Christie Ware sentenced to serve 60 days
Christine J. Ware, 37, appeared before Judge William Carey for felony sentencing under terms of a plea agreement with prosecutors in which she pleads to one felony charge of 2nd degree theft and one misdemeanor charge of attempted falsifying business records.
Ware was given a suspended imposition of sentence for five years on the condition she serve 60 days in jail, complete 300 hours of community work service, provide restitution to the Petersburg Children’s Center board of directors, obtain a behavioral evaluation within 30 days of her release from Lemon Creek Correctional Center in Juneau and follow other conditions of probation.
The court placed her on probation for five years, three supervised and two years unsupervised.
Restitution is to be paid as ordered in a separate judgment that will come in March, according to court documents.
District Attorney Brower told the court restitution should be $27,000 and Ware had made two payments in June and October of last year leaving $17,243.70 remaining to be paid.
Ware’s attorney told the court she had the opportunity to take payroll draws, “and it got well out of hand.”
Ware was the director of the Petersburg Children’s Center until Feb. 2011 and in May she was indicted with multiple counts of theft, forgery and falsification of business records. Although she was accused of taking just under $7,000, according to court records, her actions contributed to secondary expenses, according to the Children’s Center.
Emotions ran high during the 58 minute long proceedings.
Terry Falter of the Petersburg Children’s Center told the court she was sorry the forgery charges had been dropped, since it was her name that had been forged during the theft.
“She chose to break the law,” Falter said.
She said, “thanks to the Elks, Emblem Club and the City of Petersburg we were able to pay back the IRS. Petersburg Children’s Center is starting to thrive again.”
In addressing the community work service (CWS) portion of the sentence Falter said, “I feel that so far everything she’s (Ware) done has been on her terms. I would like to see Ware do something to benefit the community, not just one organization that has not helped us.” She asked the court not to permit any CWS to be for the Petersburg Indian Association, which her husband is administrator of, or the Salvation Army, which the family is associated with.
Next, Falter addressed Ware directly stating, “I’m sorry for what you did Christie. I don’t hate you, but it does hurt.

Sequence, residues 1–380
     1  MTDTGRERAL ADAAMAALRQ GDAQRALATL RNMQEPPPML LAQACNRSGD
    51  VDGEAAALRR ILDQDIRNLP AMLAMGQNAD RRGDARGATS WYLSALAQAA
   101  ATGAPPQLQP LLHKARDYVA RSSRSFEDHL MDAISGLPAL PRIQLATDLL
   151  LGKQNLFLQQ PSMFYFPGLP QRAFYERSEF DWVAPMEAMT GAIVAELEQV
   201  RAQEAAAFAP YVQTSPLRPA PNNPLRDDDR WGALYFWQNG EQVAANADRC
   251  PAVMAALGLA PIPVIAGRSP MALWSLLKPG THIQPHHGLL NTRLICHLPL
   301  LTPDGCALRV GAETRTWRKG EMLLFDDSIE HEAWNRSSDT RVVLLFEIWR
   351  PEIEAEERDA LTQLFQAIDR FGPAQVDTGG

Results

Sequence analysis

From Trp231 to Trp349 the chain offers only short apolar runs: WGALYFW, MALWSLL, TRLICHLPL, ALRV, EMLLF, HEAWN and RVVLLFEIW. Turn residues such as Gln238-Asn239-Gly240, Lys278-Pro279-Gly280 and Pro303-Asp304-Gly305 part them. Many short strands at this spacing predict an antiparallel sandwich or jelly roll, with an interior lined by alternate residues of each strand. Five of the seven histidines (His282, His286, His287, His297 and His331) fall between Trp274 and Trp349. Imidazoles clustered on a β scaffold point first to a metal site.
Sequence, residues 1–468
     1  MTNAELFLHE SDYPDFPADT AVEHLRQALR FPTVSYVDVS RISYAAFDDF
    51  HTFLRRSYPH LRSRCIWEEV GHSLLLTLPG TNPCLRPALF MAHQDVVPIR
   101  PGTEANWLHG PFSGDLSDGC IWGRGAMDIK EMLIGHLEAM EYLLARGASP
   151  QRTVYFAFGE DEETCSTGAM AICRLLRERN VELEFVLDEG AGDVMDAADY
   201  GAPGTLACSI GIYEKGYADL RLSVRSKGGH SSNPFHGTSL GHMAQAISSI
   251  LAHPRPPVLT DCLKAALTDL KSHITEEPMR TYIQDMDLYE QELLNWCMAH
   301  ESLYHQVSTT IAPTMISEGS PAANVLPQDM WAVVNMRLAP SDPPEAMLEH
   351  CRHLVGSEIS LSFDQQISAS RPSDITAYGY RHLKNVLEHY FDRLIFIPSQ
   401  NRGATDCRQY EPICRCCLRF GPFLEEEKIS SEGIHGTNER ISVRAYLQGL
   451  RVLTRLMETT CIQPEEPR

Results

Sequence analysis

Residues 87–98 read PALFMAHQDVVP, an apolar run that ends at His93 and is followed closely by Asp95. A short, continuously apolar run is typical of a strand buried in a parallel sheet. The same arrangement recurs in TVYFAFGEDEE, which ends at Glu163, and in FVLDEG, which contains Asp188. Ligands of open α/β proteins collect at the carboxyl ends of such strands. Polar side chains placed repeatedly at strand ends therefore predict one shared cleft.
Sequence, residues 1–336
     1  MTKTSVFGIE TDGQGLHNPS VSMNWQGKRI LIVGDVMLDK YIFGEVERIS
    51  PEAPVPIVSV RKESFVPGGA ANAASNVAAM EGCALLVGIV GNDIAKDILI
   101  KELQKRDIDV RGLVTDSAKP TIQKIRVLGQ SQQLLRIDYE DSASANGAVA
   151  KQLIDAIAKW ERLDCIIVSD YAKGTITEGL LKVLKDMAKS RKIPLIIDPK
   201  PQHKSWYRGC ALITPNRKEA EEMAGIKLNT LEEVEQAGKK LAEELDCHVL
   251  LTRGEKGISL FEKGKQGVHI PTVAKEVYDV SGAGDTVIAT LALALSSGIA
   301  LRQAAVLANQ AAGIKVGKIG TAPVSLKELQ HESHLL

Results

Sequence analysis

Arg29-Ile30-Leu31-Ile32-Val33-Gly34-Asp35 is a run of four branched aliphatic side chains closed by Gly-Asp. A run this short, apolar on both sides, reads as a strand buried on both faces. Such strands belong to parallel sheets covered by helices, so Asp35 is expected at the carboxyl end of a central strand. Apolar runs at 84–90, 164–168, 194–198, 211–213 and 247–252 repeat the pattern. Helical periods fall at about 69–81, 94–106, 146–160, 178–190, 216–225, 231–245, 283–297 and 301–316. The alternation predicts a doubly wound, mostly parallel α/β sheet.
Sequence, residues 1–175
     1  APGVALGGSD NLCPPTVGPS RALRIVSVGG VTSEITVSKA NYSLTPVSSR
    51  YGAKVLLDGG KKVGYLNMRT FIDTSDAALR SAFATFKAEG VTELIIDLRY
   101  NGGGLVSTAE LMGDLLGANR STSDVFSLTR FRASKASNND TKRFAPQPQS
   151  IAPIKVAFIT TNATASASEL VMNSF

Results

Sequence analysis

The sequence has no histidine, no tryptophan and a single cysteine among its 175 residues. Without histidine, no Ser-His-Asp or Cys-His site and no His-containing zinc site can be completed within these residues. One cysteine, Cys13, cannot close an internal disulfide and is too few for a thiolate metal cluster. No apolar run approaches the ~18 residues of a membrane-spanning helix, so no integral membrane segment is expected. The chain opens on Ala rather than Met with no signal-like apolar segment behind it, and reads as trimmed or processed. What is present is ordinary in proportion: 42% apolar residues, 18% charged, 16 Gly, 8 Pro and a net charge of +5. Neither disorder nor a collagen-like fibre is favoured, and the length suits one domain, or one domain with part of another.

“The Children’s Center is doing well. It’s because of this staff behind you. You had an awesome team. We would have been there to help you and I’m sorry you didn’t ask us for help.
“I know you’re not a bad person. You’re a good person down deep inside and you made bad choices. I want to see you have some remorse. That’s all I want.”
After the DA and her defense attorney made sentencing comments, Ware addressed the court.
“What I did was wrong and I know that. I got in over my head and I couldn’t ask for help. I’m very sorry. I’m very sorry,” Ware told the court.
“In my family we stand up and say when we do something wrong, we teach our boys to own what they did. You take responsibility for that.”
“When you do something wrong, you take responsibility and I’m trying to take as much responsibility as I can. What I did is wrong and I’m very sorry; very sorry for that,” Ware said.
Judge Carey said, “This case presents quite a paradox.”
Ware who had no previous contacts with the criminal justice system, engaged in a horrible violation of trust, explained the judge. He said the Petersburg Children’s Center was an important organization in town and does provide a tremendous service to the community.
“I have no idea why this happened,” Carey said. After hearing good things about Ware from members of the community, “it makes it all the more puzzling to me.”
Carey continued, “I’m not sure what the underlying reason for this is. It is simply a matter of greed and wanting more money.”
The court made reference to, “a similar case coming up right after this where a private business was ripped off by someone placed in a position of trust.”
Referring to the similar case involving the sentencing of Tammi Aveson who stole from Rock-n-Road Construction, the judge said, “People who are in charge of the books and people that have access to money that isn’t theirs, need to know there are consequences for taking that money.”